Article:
Last week, Ron Ben-Israel posted a blog about cake thieves, http://nyccakegirl.wordpress.com/2011/06/24/you-watch-our-back%e2%80%a6/. In case you are wondering, Ron Ben-Israel is a MASTER of wedding cakes. I only dream of being 1/8 as good as him. Stealing cake photos from him is ridiculous. Legal ramifications aside, his work is nearly perfect, which may explain the inexcusable behavior of stealing his photos and selling them.
Unfortunately, Ron Ben-Israel is not the first victim of cake photos theft - far from it. While in this recent case, his photos were trying to be sold for profit, many times cake photo thieves are fellow bakeries trying to pass off someone else's work as their own. Cake photo theft happens so often there is even a Facebook page, http://www.facebook.com/Stop.Cake.Thief, outing thieves. Again, legal ramifications side, this type of theft is wrong on so many levels. It's unethical and false advertising to say the least.
There is no doubt that this sad practice will continue, but there is something you can do. First, if you see a cake that looks strangely familiar and know it belongs to another bakery, let the original bakery know. The original bakery will then proceed in contacting the thief and asking them to remove the stolen photos. Second, cake thieves can be easy to spot online. Look for inconsistencies in decorating style. Sure, every cake is different, but a decorator's style will also show though. Also look for the skill level. If some cakes look nearly perfect and professionally photographed, while other are amateurish on a kitchen counter, chances are the decorator did not do those cakes. If you are looking a print ad or catalog, be sure to ask directly if all the cakes in the photos are theirs. Some decorators have 'inspiration' books, but don't distinguish between the two.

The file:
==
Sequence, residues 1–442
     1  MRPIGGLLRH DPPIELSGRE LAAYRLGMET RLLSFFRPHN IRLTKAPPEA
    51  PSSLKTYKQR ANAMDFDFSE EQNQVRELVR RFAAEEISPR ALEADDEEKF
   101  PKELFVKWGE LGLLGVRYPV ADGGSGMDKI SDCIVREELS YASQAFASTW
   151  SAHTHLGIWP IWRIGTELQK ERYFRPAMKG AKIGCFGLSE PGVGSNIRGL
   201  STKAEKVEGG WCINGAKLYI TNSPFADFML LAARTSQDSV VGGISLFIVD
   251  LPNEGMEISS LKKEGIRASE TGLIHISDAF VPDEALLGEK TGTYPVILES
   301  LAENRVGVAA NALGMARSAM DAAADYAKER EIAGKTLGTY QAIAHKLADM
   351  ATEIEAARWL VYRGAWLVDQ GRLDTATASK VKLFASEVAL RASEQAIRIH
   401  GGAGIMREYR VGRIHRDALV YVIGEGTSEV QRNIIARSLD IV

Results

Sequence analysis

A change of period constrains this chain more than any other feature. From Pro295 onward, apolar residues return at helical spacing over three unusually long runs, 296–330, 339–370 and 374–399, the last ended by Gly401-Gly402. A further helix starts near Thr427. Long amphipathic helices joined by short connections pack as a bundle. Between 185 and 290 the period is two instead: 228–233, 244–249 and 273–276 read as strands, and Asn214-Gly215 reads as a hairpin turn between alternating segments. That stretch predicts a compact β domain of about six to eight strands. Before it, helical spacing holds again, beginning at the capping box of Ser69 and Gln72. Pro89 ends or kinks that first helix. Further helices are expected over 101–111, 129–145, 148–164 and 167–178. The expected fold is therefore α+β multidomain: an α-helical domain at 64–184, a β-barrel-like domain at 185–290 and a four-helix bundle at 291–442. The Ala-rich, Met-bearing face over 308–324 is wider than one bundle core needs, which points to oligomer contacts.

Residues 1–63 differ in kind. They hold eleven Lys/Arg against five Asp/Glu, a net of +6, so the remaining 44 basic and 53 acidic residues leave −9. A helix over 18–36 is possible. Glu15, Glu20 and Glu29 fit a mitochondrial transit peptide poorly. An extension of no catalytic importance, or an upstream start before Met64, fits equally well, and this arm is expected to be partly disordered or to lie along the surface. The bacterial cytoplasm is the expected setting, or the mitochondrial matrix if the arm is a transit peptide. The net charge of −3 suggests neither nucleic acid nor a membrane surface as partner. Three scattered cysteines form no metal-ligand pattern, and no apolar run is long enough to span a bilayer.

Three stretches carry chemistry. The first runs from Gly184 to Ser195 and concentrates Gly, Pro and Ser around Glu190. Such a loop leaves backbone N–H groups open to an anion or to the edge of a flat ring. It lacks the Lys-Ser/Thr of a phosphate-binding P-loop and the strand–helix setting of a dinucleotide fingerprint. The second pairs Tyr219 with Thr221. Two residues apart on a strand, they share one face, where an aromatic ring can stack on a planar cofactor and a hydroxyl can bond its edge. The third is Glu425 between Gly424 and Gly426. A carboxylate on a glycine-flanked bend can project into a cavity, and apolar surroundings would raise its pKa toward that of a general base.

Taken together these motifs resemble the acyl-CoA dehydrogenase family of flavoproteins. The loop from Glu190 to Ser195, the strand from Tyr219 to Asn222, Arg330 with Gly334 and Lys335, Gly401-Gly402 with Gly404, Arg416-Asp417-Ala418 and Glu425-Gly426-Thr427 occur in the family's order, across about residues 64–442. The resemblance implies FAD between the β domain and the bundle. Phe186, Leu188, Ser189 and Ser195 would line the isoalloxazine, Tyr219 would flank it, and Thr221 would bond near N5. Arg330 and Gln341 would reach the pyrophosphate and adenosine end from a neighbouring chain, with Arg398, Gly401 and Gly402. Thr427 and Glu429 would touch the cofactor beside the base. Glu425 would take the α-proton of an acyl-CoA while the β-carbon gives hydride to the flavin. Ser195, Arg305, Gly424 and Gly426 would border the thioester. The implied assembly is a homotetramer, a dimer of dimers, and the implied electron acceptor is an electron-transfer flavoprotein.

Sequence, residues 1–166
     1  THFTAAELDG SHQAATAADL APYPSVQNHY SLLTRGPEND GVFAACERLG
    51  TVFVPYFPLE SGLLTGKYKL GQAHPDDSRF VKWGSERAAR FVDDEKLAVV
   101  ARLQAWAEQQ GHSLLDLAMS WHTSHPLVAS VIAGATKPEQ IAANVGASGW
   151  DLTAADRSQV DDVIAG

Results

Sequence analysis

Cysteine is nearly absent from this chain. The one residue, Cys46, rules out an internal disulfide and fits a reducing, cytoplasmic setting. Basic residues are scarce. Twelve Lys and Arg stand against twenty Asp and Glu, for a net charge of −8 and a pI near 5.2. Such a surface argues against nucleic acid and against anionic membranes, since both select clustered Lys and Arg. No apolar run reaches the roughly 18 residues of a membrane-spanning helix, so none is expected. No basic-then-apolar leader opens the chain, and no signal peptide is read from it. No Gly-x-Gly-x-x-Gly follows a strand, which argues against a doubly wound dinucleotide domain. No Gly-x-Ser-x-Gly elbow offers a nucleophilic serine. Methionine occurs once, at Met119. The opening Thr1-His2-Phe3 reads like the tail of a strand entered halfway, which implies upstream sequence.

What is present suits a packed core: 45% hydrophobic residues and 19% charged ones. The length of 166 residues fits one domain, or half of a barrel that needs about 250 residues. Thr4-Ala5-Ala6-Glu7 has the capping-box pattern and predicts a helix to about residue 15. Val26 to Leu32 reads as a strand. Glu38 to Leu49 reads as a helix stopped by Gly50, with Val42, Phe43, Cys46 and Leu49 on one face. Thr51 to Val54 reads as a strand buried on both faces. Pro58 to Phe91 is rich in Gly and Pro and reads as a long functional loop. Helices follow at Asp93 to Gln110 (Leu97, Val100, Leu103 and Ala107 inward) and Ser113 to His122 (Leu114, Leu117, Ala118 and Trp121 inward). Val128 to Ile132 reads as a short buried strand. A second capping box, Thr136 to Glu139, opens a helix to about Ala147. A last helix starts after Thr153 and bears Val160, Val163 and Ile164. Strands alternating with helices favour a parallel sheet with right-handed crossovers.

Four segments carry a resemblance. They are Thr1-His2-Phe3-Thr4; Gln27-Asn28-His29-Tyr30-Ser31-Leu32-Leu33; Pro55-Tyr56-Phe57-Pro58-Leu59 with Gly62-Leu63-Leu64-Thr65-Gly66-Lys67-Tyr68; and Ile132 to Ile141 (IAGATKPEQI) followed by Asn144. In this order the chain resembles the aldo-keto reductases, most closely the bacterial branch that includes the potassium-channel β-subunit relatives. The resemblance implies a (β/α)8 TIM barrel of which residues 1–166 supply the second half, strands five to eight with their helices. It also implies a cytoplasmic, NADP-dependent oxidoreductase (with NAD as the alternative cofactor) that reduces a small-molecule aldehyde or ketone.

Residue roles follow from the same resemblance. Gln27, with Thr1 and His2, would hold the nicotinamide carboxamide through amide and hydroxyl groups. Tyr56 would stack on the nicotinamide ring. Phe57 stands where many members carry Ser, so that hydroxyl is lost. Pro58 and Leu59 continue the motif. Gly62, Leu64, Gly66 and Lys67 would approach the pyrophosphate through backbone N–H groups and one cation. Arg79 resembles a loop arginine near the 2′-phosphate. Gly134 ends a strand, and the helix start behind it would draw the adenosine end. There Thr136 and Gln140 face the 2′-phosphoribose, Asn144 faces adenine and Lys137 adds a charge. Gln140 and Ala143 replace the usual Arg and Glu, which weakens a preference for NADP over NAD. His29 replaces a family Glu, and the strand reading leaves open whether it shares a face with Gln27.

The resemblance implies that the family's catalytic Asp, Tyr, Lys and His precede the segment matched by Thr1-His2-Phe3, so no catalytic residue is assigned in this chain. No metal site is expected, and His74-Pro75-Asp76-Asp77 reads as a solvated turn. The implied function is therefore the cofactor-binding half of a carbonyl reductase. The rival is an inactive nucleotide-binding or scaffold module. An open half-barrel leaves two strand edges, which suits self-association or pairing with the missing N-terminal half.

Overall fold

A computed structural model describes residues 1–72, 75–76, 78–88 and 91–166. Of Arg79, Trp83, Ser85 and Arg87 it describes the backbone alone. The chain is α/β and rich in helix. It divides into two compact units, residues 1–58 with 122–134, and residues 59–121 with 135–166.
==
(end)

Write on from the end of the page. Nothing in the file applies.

Photo thieves are not only a headache for bakeries, but customers as well. If a bakery is not honest in their skill level, the customer is the one that suffers. Like these poor brides on Cake Wrecks, http://cakewrecks.blogspot.com/2008/12/wedding-wrecks.html.
Luckily, I have not been a victim of photo theft, but many of my cake friends across the country have been. We can't really stop posting photos in our online catalogs, but we can let our customers know this problem exists.
I'm curious, though. I know cake photo theft is a big issue in my industry, but what about other industry? Photographers? Event decorations?